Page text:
All But One VA Republican Congressmen Side With Obama on NSA Vote

Congressman Morgan Griffith was the only Virginia Republican Senator to vote for the bill that would have tightened restrictions on the NSA.
Congressman Morgan Griffith was the only Virginia Republican Senator to vote for the bill that would have ended funding for the controversial NSA program.

All but one of Virginia’s eight Republican congressmen sided with President Obama to help defeat a bill that would have effectively ended funding for the controversial NSA  surveillance program.

Even U.S. House of Representatives Majority Leader Eric Cantorwho said he was “perplexed” by the NSA surveillance revelations, voted to keep the program, a move in step with Speaker of the House and fellow Republican leader Rep. John Boehner.

Just one Republican joined all three Democrats to vote for the bill — Congressman Morgan Griffith, who lives in Salem and represents Virginia’s Ninth District.

All three of Virginia’s Democratic congressmen broke from the president, who has firmly opposed ending the blanket collection of Americans’ phone records.

Dubbed the Amash-Conyers Amendment, the bill would have allowed the government to collect records under Section 215 of the Patriot Act only when those records relate to a person subject to investigation under that provision.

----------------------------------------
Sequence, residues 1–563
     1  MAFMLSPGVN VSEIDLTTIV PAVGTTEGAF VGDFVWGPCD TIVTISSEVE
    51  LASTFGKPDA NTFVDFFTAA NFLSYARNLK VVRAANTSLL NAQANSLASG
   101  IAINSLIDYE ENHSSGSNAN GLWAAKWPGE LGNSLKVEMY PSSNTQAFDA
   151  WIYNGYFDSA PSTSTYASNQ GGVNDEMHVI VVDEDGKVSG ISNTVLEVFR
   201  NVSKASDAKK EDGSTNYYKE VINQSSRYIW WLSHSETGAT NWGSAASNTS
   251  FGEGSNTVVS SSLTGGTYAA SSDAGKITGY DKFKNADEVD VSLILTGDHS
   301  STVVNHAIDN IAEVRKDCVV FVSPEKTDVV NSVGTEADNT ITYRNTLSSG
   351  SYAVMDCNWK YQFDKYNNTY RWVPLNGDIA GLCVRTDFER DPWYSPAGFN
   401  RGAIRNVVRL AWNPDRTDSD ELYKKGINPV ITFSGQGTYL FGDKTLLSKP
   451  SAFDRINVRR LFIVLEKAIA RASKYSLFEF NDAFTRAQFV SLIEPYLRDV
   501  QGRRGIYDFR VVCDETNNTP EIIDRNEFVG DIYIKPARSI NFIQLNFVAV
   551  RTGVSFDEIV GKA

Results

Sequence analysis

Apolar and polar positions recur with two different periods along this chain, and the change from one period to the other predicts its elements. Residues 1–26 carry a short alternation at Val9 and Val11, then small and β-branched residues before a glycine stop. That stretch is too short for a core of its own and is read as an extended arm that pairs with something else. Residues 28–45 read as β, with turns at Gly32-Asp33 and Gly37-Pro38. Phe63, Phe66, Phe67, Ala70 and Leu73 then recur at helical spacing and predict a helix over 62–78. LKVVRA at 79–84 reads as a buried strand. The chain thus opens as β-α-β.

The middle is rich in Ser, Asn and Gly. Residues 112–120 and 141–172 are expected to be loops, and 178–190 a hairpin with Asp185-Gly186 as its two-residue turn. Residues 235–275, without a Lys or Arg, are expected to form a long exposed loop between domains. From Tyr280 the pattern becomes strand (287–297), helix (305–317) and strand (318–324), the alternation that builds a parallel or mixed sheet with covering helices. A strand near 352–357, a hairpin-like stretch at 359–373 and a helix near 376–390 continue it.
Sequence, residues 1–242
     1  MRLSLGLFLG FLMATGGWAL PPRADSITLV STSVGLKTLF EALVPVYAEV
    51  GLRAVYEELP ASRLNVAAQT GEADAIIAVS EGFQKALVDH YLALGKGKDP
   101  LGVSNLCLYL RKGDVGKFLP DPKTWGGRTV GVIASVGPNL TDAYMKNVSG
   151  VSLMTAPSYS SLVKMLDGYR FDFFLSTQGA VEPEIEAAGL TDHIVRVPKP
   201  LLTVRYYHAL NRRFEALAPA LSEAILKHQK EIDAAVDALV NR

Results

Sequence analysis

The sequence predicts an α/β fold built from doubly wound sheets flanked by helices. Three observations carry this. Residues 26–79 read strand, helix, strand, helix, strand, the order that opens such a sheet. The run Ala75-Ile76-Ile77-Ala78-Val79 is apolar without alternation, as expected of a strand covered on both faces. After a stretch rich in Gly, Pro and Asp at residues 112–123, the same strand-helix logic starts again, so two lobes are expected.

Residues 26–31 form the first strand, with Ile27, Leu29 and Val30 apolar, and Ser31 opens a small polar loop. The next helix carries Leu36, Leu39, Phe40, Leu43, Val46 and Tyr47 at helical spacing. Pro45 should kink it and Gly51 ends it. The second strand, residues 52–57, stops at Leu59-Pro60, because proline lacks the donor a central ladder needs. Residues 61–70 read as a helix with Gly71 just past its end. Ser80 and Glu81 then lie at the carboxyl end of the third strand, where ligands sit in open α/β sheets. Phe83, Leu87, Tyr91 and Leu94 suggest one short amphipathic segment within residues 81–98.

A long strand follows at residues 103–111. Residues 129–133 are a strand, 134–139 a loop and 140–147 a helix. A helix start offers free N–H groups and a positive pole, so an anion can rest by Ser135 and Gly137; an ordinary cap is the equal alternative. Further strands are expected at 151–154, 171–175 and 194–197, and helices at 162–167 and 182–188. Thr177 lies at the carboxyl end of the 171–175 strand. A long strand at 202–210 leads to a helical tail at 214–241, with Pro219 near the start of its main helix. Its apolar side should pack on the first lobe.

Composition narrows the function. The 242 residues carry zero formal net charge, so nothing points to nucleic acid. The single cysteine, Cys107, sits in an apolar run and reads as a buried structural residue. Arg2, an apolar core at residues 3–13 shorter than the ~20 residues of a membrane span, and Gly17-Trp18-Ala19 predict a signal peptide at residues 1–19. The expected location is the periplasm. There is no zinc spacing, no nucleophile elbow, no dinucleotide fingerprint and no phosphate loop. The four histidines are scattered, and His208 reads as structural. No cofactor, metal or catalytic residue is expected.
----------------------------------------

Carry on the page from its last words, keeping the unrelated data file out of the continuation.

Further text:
“While the Amash-Conyers amendment that would rein in the NSA’s data gathering capabilities on U.S. citizens who aren’t suspects failed, I am proud to be a part of a bipartisan group of Congressmen and women who believe our first duty is to protect and uphold the freedoms recognized by the U.S. Constitution’s Bill of Rights,” Griffith said in a statement.

The Virginia congressional delegation reflects the vote breakdown for the entire Congress. A majority of Republicans in Congress sided with the president, citing security issues, while the majority of Democrats defied the president’s wishes and fought for civil liberties.

In total, 94 House Republicans voted for the bill, and 134 voted against it; 111 Democrats voted for the bill, and 83 opposed it. In all, 205 members of Congress supported it, and 217 opposed it.

 Here’s how Virginia’s congressional delegation voted:

First District: Rep. Rob Wittman, R — NO

Second District: Rep. Scott Rigell, R — NO

Third District: Rep. Bobby Scott, D — AYE

Fourth District: Rep. Randy Forbes, R — NO

Fifth District: Rep. Robert Hurt, R — NO

Sixth District: Rep. Bob Goodlatte, R — NO

Seventh District: Rep. Eric Cantor, R — NO

Eighth District: Jim Moran, D — AYE

Ninth District: Rep. Morgan Griffith, R — AYE

Tenth District: Rep. Frank Wolf, R — NO

Eleventh District: Rep. Gerry Connolly, D — AYE

— Kathryn Watson is a reporter for the Virginia Bureau of 

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